[DSLite], Incremental CGN [ICGN], and TURN (Traversal Using Relays 
   around NAT [TURN] Extension for IPv6) have been also submitted to the 
   IETF recently. 

   Up to now, there is not one universal mechanism that can meet all 
   IPv6 connectivity service scenarios, including connectivity between 
   IPv6-only and IPv4-only. Table 1 gives a partial summary. Host/client 
   devices may choose to support one or several mechanisms. But 
   host/client devices with various solutions all require IPv6 
   connectivity through ISP network services. In order to provide IPv6 
   connectivity service to different kinds of host/client devices, ISP 
   networks need to support as many IPv6 connectivity solutions as is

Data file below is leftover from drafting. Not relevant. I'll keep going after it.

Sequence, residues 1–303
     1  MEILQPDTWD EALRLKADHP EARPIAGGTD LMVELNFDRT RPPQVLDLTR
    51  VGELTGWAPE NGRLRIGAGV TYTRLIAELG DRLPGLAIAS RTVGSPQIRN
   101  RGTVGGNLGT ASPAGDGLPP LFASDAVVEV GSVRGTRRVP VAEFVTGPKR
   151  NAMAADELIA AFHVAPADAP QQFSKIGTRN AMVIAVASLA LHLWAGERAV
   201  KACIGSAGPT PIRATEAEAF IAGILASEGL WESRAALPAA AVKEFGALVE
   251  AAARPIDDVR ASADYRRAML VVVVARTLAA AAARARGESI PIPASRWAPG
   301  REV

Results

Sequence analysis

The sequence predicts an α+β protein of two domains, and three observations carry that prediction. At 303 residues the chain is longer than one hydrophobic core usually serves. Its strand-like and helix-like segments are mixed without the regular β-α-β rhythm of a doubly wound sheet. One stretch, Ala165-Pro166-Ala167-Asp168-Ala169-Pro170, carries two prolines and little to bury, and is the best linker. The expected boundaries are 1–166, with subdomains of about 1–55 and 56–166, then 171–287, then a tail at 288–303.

operationally reasonable. Additionally, all these efforts should be 
   transparent for the average end-user. 

   +------------------------------------------------------------+ 
   |               |6o4|6to4| ISA |ST-|STLS|BIS|Trans.|SOCKS|BIA| 
   |               |   |    |-TAP |Trs|-Trs|   |Relay | G/W |   | 
   |---------------+---+----+-----+---+----+---+------+-----+---| 
   |Dual Stack Host| X |    |  X  |   |    | X |      |     | X | 
   |---------------+---+----+-----+---+----+---+------+-----+---| 
   | Upper Message |   |    |     |   |    |   |   X  |  X  | X | 
   |  Manipulation |   |    |     |   |    |   |      |     |   | 
   |---------------+---+----+-----+---+----+---+------+-----+---| 
   |   IP Header   |   |    |     | X |  X | X |      |     |   |